2. Classification searches – you can refine these further to look at competitors, specific companies, inventors, countries, date searches
3. At this point you will have an initial list of patents
4. It is good practice to repeat the search using additional or alternative search terms or synonyms
5. Read patent abstracts to discover which factors will be most relevant to your invention
6. Read patent claims – to understand the scope of what is protected. This can be important in terms of FTO
7. Final list of relevant patents – the next step from here is to start engaging with external patent counsel, to gain a professional opinion on patentability and FTO

Using AI to Help Build Your Search Criteria

AI is an extremely useful tool for this task, with the major caveat that whatever you put into the chat is usually publicly disclosed. Therefore it is important to keep your information as top level as possible, or simply use it to guide your searches.

The following is an example of how AI can be used – for instance, building a search around an in-vitro kidney organoid that could be used to test drug toxicity.

Freedom to Operate 

Establishing FTO is generally a matter of understanding other people’s IP, and whether your invention will infringe their rights. 

It is important to focus on active (pending and granted) patents and their claims, to ensure commercial activities do not stray into someone else’s protected IP. 

Searches should be conducted in relevant jurisdictions where you are commercially active. It is also best practice to set up alerts to constantly monitor your FTO status and allow pro-active steps to be taken as the market landscape evolves. Unlike patents which are ‘set in stone’ once granted, FTO is subject to ever-changing developments as new third-party patents are filed.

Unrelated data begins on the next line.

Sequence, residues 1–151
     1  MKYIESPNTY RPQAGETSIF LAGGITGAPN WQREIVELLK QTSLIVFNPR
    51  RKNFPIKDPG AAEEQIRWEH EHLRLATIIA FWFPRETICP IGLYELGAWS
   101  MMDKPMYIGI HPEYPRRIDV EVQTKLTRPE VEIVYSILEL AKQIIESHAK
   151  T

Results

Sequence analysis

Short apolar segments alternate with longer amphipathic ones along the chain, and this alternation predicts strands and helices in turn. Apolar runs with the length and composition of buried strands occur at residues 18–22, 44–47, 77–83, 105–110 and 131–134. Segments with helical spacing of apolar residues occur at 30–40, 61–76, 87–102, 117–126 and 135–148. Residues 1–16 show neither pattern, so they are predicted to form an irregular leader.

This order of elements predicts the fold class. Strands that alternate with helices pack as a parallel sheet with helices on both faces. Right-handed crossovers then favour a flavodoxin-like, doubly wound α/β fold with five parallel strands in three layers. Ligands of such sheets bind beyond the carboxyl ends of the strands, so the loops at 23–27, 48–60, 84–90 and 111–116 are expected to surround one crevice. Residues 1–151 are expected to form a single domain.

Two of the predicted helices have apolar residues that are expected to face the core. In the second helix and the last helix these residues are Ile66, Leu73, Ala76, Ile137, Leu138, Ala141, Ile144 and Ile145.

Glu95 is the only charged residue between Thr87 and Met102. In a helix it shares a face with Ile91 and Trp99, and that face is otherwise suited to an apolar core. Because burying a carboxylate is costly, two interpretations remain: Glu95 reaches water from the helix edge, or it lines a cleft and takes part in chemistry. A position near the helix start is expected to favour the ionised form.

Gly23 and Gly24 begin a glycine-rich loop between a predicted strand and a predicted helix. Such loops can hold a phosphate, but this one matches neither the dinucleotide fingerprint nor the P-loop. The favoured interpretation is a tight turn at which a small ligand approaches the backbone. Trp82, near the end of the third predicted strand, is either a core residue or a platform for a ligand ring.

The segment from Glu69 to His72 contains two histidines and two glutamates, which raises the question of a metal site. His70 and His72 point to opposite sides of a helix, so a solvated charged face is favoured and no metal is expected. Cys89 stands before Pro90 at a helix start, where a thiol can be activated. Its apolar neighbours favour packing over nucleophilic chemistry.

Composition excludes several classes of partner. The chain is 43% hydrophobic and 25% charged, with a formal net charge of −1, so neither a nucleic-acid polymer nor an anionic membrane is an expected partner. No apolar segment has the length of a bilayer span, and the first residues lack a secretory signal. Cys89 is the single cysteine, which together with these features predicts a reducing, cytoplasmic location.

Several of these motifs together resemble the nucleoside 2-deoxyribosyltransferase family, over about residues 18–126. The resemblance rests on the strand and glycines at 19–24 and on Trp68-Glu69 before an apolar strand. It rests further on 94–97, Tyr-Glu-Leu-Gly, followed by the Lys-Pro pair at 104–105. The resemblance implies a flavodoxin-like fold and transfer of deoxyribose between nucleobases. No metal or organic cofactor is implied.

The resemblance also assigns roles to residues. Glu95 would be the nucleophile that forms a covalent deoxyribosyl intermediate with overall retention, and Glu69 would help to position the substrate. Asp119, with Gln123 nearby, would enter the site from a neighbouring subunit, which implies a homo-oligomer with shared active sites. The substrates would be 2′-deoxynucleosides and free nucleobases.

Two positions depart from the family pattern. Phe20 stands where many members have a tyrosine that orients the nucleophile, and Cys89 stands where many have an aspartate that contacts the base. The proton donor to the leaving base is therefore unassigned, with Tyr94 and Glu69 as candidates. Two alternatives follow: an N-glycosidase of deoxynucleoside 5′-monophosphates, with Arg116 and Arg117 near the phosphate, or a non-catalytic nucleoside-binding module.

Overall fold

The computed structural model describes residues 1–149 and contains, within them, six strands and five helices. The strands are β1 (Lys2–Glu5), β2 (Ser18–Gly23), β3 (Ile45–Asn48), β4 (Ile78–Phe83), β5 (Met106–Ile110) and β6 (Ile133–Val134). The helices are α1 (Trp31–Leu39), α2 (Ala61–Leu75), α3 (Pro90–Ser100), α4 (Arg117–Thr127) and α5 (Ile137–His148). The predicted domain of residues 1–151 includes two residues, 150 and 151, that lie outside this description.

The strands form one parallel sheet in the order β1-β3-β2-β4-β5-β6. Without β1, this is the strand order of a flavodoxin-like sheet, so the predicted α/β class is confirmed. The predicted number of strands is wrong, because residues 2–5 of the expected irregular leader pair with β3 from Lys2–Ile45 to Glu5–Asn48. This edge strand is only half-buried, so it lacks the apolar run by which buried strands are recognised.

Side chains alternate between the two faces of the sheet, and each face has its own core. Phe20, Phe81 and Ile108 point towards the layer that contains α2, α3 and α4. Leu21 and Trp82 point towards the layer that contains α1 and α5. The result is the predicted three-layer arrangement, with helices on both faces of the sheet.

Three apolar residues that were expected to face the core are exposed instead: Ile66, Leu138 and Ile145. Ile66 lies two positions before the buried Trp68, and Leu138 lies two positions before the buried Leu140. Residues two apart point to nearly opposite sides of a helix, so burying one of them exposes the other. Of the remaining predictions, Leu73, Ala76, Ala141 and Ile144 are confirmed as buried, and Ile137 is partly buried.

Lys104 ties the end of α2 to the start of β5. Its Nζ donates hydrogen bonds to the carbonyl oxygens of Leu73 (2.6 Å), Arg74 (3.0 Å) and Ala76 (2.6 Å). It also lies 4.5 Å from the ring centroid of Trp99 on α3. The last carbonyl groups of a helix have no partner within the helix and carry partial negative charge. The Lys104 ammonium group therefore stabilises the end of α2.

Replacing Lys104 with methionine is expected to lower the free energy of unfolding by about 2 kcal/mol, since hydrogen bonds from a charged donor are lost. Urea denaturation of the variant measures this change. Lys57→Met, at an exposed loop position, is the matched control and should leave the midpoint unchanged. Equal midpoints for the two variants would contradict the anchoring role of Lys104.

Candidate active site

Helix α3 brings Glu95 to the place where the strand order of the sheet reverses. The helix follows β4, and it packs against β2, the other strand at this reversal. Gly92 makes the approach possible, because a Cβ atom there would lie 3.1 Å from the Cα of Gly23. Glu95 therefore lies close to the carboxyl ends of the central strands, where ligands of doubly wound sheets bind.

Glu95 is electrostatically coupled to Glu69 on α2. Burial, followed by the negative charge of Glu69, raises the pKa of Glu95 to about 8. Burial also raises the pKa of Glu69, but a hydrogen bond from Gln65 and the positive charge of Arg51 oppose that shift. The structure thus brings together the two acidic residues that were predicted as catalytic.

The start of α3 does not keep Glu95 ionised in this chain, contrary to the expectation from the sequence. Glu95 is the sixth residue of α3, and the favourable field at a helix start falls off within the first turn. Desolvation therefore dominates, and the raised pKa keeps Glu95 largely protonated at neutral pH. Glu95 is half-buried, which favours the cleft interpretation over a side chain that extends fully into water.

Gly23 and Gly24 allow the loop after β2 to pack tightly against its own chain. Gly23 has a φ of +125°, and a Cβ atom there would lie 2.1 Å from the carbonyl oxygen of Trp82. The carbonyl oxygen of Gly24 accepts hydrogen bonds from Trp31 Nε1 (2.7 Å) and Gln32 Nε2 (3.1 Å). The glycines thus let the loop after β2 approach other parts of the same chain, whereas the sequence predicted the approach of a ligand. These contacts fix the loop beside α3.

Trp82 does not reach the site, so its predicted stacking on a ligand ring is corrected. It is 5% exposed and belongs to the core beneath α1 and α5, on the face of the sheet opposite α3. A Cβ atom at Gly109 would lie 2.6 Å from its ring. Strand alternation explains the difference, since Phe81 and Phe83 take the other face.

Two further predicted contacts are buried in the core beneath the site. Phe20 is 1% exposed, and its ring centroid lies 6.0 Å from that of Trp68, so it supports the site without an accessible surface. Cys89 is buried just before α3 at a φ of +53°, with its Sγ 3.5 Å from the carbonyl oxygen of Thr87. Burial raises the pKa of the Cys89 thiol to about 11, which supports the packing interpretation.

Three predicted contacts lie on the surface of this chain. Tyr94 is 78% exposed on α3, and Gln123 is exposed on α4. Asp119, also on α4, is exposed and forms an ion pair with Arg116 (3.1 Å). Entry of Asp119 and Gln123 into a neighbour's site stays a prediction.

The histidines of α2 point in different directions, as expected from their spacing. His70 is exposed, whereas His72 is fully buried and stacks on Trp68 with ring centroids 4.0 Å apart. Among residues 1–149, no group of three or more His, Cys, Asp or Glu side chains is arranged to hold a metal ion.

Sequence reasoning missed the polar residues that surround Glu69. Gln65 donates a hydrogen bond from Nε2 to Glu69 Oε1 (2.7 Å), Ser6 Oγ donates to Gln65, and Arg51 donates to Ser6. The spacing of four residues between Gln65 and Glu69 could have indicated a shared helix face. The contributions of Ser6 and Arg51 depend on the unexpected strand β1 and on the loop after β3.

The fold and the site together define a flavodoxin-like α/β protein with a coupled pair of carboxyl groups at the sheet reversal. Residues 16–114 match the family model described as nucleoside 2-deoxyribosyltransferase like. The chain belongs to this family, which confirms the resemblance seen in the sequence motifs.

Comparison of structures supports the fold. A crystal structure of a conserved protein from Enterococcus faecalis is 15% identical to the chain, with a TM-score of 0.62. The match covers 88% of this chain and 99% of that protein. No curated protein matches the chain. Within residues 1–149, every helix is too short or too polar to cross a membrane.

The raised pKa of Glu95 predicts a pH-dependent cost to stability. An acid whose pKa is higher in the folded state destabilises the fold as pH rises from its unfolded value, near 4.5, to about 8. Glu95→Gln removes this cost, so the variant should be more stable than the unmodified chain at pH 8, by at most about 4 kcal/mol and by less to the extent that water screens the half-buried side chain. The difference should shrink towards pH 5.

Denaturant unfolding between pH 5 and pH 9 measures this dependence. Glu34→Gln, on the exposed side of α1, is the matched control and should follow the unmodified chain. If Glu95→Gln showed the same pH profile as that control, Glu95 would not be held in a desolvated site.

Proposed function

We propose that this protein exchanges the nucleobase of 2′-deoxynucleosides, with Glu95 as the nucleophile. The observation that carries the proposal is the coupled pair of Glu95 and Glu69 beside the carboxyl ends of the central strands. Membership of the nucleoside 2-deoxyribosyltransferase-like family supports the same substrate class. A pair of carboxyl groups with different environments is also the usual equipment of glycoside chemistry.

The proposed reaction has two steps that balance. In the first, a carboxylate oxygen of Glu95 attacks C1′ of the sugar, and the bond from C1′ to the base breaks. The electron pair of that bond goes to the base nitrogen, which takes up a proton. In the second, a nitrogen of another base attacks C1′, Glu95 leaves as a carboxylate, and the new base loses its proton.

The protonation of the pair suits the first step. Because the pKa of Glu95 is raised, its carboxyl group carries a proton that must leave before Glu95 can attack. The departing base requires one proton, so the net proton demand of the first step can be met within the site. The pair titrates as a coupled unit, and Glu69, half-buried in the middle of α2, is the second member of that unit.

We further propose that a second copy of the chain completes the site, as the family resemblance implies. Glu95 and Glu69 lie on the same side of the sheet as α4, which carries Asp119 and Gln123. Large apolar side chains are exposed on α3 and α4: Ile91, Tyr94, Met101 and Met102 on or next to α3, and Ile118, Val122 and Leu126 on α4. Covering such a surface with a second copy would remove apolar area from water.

Using Global Dossier to Monitor Patent Examination Proceedings 

By allowing access to the communications between the examiner and the assignee, Global Dossier lets you see amended claims as they evolve, providing an effective way to monitor patents which could impact your FTO. The insights provided help you assess the strength and scope of pending claims, understand the legal arguments, and potentially identify vulnerabilities or limitations in the patent that could inform your FTO strategy. 

In Summary 

  • Stay informed – regularly monitor patent landscapes in your field for new filings and granted patents that could affect your FTO and patentability assessments 
  • Engage early – conduct FTO and patentability searches as early as possible to identify challenges and opportunities  
  • Use professional services – consider consulting with IP professionals on FTO to make the best decisions and achieve risk mitigation 
  • Keep detailed records – of all your FTO and patentability search processes, findings and decision-making rationale to support future legal and strategic decisions 
  • Plan strategically – use insights from FTO and patentability analyses to inform business strategy – including product design, market entry strategy and IP filing priorities 

 Dr Catrina Carroll 

Hear more in episode two of the MDC Connects 2024 webinar series, ‘Unlocking the Secrets of Medicine Commercialisation’ here.